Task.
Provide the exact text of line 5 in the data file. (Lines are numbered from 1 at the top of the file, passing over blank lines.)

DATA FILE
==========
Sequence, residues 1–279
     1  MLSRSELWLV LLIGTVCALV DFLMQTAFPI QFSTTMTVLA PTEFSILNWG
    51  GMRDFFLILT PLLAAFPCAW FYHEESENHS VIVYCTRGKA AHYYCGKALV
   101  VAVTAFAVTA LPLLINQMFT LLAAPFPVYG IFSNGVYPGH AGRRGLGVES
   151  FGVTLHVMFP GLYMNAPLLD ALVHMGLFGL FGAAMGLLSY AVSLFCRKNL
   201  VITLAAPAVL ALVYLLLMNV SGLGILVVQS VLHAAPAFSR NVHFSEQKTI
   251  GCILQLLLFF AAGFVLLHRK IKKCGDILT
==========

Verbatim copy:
   151  FGVTLHVMFP GLYMNAPLLD ALVHMGLFGL FGAAMGLLSY AVSLFCRKNL